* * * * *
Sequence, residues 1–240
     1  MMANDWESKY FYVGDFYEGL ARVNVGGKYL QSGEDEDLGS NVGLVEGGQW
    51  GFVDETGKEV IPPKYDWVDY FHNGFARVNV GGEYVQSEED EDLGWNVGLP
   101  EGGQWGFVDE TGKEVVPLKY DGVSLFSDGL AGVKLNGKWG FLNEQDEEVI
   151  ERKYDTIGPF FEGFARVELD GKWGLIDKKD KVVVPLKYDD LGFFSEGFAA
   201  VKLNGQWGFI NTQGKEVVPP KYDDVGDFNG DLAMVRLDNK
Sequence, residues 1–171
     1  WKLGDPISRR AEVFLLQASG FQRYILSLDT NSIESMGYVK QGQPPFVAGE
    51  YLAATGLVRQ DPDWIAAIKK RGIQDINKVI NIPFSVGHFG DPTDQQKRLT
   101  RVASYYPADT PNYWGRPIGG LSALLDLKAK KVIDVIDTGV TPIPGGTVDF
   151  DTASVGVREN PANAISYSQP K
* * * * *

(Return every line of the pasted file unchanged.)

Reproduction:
Sequence, residues 1–240
     1  MMANDWESKY FYVGDFYEGL ARVNVGGKYL QSGEDEDLGS NVGLVEGGQW
    51  GFVDETGKEV IPPKYDWVDY FHNGFARVNV GGEYVQSEED EDLGWNVGLP
   101  EGGQWGFVDE TGKEVVPLKY DGVSLFSDGL AGVKLNGKWG FLNEQDEEVI
   151  ERKYDTIGPF FEGFARVELD GKWGLIDKKD KVVVPLKYDD LGFFSEGFAA
   201  VKLNGQWGFI NTQGKEVVPP KYDDVGDFNG DLAMVRLDNK
Sequence, residues 1–171
     1  WKLGDPISRR AEVFLLQASG FQRYILSLDT NSIESMGYVK QGQPPFVAGE
    51  YLAATGLVRQ DPDWIAAIKK RGIQDINKVI NIPFSVGHFG DPTDQQKRLT
   101  RVASYYPADT PNYWGRPIGG LSALLDLKAK KVIDVIDTGV TPIPGGTVDF
   151  DTASVGVREN PANAISYSQP K